I don't really question OO's value in modeling interactions and behaviors of the real world. However, the best techniques for modeling the real world and for making better software are probably not the same in most cases.

I also notice that some software developers try to mirror the "real world" very closely in order to keep the customer comfortable by keeping alive archaic processes from the manual way of doing things. However, one may miss opportunities to improve or streamline the process if this is done. I am not saying that initial customer comfort is a bad thing, but perhaps the customer should be aware of the tradeoff being provided. Just be careful not offend them by implying that they won't be able to "handle the ideal process". These kinds of things often take delicate diplomatic skills that frankly sometimes exceed my abilities.

Keep in mind, though, that the issue of the internal model (what the developer sees) and the external model (user interface) are generally independent. One can reflect or simulate the external world without having the other do the same.

OOP Better Models Sentences?

I never considered it a very important indicator whether a language or paradigm better matches verbal (spoken) language or not. However, to some OOP fans it seems important. Some have claimed that OO's noun-centricity is either a better modeling construct and/or a better fit to natural languages.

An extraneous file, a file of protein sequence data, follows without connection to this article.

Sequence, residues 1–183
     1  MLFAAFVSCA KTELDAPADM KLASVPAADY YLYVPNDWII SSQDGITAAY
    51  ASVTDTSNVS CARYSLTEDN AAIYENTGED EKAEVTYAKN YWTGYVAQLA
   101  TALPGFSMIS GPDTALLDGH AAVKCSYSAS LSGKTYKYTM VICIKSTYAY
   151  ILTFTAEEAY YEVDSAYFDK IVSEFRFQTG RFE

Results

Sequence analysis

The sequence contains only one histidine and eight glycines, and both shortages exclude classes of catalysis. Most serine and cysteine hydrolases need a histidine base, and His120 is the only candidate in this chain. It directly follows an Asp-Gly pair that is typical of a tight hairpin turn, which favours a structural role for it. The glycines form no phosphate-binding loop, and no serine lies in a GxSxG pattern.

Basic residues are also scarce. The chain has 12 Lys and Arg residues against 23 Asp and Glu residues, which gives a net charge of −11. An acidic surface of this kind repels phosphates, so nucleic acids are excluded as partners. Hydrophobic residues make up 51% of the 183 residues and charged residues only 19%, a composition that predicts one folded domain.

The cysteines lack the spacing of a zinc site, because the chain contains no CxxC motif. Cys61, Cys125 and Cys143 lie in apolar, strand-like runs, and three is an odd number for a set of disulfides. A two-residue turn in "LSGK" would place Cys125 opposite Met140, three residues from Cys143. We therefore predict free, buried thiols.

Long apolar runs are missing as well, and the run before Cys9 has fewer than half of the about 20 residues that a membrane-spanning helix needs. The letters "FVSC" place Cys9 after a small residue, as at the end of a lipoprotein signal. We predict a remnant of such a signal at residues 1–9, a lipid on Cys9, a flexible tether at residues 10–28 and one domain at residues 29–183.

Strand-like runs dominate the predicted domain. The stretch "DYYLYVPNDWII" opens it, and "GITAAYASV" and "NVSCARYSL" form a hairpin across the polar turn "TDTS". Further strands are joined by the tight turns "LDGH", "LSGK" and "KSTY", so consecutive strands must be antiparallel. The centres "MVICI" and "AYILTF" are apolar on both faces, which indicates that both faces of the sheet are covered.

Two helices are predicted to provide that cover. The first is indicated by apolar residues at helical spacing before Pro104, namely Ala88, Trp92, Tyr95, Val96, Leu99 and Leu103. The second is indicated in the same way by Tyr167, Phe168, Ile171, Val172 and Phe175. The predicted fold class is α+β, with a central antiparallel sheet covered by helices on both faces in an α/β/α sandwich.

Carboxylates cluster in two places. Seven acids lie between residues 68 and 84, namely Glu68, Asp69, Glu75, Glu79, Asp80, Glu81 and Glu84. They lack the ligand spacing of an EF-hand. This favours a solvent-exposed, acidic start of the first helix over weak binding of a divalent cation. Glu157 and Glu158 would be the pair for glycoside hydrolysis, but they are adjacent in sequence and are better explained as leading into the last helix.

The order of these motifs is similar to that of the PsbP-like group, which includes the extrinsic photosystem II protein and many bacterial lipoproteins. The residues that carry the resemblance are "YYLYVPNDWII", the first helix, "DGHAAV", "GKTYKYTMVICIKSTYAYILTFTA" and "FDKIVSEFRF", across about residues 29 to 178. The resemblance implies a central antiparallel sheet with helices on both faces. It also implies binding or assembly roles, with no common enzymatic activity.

In English, the verb is actually the central construct. A sentence can have only one central verb or verb group, but there is no "central noun". The object and subject are generally considered peers. Thus, Verb Is King if we look at English. (At least it is not ranked lower.) Most non-trivial sentences have an object, verb, and a subject. This resembles the "operand" syntax, such as that found above in the "plus" example.

  add(a, b, c, d, e)
  // same as: a + b + c + d + e
  concat(a, b, c, d, e)
  // same as:  a . b . c . d . e
  // ("." is concatenation in this case)
These kinds of operations are more verb-centric than noun-centric. They have one verb (or action) with multiple nouns. The operator is not associated with one and only one operand, as OOP would have it. This gives one the potential of a + b giving a different answer under OOP than b + a if there is some conversion taking place, because b may handle the conversion differently than a.

To me, task-centricity reflects how the real world changes. The task remains more or less the same, but the "players" will change. The task is more invariant than the participants. Thus, grouping behavior around nouns instead of tasks will more likely require disruptive changes. See The Noun Shuffle for more on this.

See Also:
Modeling Business

OOP Criticism